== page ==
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Georgia set to approve controversial law after protests

15-05-2024

TBILISI: Georgia’s parliament is expected to give final approval to a controversial “foreign agent” law that has sparked weeks of mass street protests.

Critics of the governing Georgian Dream party say the bill which they call the “Russia law” could be used to threaten civil liberties.

Thousands of people are gathering near the parliament to protest the expected imminent passage of the law.

Prime Minister Irakli Kobakhidze has vowed the bill would pass.

On Monday, Kobakhidze also warned that if authorities backed down at the bill’s third reading, Georgia would lose sovereignty and “easily share the fate of Ukraine”, without detailing what he meant.

Massive rallies have gripped the Caucasus country for nearly a month.

Photos and footage posted online in recent days appeared to show violent altercations between protesters and police.

As she walked into the parliament building on Tuesday morning, President Salome Zurabishvili, an opponent of Kobakhidze, told media she would veto the law. However, Georgian Dream has sufficient numbers in parliament to overrule her.

Under the bill now due to go for its third and final reading NGOs and independent media that receive more than 20% of their funding from foreign donors would have to register as organizations “bearing the interests of a foreign power”.

They would also be monitored by the Justice Ministry and could be forced to share sensitive information or face hefty fines of up to 25,000 GEL ($9,400; £7,500).

Protesters are concerned that the legislation would be used by the government to suppress its opponents, and derail Georgia’s hopes of joining the European Union.

Parallels have also been drawn with an authoritarian bill which came into force in Russia in 2012, and which the Kremlin has since used to clamp down on dissidents.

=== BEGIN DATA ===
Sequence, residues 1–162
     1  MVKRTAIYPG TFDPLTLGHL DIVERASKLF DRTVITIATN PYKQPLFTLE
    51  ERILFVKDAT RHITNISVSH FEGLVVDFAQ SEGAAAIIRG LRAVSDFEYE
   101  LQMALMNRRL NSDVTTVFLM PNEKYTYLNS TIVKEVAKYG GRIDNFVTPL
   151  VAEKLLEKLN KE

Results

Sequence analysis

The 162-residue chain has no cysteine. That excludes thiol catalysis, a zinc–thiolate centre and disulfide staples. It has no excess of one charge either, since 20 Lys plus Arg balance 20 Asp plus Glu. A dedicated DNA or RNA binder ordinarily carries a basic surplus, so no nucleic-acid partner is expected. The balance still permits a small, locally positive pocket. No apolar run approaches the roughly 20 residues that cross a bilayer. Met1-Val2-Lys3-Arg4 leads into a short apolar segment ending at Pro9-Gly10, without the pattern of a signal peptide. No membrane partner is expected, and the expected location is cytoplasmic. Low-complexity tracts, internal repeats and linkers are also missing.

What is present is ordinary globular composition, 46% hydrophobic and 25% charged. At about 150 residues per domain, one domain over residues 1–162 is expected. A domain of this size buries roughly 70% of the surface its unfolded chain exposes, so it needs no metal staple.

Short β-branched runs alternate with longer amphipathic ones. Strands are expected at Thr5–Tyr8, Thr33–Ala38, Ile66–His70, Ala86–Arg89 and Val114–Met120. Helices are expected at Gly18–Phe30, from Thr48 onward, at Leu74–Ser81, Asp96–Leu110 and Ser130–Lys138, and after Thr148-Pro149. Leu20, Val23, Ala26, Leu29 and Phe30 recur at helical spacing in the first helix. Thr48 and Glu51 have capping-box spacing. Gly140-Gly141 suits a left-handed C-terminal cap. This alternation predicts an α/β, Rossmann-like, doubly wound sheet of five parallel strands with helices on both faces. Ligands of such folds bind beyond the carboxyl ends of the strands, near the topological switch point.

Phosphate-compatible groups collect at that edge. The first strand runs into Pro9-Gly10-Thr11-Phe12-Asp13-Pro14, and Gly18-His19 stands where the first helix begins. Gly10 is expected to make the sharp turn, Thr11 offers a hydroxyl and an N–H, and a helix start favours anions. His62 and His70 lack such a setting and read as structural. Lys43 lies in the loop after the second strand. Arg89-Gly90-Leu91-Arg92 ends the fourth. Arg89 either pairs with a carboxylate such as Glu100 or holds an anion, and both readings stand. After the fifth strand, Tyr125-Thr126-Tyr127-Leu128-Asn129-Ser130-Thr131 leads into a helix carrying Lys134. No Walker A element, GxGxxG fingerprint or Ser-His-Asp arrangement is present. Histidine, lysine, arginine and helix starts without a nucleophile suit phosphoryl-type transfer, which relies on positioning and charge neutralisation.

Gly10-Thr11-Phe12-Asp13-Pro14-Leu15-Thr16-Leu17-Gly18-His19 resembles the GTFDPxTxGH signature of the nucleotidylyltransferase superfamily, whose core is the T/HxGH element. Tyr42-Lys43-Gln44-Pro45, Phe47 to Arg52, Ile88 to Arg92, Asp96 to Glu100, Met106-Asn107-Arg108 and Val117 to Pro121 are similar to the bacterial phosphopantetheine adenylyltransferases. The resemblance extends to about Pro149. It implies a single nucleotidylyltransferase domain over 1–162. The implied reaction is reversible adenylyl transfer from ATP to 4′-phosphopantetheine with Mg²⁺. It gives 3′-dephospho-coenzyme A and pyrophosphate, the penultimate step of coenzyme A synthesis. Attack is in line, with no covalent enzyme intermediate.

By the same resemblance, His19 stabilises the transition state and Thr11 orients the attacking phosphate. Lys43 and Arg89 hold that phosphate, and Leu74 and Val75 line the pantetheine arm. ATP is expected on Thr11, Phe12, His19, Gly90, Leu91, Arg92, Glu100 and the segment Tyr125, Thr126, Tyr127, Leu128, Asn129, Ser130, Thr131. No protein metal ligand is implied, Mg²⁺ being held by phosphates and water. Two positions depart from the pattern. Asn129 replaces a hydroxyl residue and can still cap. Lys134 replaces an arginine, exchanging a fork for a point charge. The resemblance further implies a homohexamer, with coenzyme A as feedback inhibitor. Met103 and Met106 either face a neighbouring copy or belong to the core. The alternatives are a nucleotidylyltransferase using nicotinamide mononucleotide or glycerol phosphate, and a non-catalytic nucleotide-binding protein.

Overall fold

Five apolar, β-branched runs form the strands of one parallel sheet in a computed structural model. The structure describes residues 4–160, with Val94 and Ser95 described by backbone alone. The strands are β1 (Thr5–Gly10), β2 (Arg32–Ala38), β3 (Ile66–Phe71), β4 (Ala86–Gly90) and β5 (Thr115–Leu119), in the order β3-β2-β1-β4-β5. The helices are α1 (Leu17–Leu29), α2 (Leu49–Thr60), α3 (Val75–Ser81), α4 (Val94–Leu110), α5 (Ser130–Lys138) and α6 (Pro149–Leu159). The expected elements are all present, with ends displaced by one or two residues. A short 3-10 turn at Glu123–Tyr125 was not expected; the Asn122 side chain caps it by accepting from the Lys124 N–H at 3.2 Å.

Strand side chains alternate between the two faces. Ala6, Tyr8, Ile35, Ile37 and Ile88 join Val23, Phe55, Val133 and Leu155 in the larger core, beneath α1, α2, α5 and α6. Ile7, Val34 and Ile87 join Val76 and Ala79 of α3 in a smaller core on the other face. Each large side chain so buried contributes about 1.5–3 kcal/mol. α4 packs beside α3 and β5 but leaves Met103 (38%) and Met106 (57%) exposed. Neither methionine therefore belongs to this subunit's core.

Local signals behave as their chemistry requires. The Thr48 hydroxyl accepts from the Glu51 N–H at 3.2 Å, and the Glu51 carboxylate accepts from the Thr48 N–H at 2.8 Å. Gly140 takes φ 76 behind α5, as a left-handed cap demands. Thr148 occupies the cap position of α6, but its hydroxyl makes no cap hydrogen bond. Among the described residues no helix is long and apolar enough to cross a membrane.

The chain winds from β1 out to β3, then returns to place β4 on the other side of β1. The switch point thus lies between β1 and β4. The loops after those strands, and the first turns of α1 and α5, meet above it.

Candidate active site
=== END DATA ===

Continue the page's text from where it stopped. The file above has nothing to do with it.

Protests in Georgia have continued in a last-ditch effort to prevent the passing of a controversial law.

After an overnight standoff with protesters outside parliament in Tbilisi, security forces pulled out from the main square on Monday morning.

The final voting on the proposed legislation is scheduled for Tuesday.

Georgian Dream lawmakers rushed it through a committee vote, approving it in 67 seconds.

The bill now due to go for its third and final reading targets civil society organizations and independent media that receive foreign funding.

Protesters are concerned that it would be used by the government to clamp down on opponents, and would harm Georgia’s hopes of joining the European Union.

Tens of thousands of demonstrators spent the night outside Tbilisi’s parliament building, dancing as it rained through the dark hours.

Once the sun rose on Monday, MPs from the governing party arriving ahead of the session were met with shouts and chants of “slaves” and “Russians”.

Ranks of police with shields and water cannon were stationed to allow legislators to get into the parliament building. Photos and footage online appeared to show violent altercations between protesters and police.

Two US citizens and one Russian were among 20 people arrested at protests, Russian state news reported, citing the Georgian Ministry of Internal Affairs.

Protesters plan to continue their noise through the parliamentary session in the hopes the sound will encourage MPs to reconsider voting for the bill.

Opponents of the bill say the measures are inspired by Russian legislation passed in 2012, which they say has been used since then to crack down on critics of the Kremlin. (Int’l Monitoring Desk)

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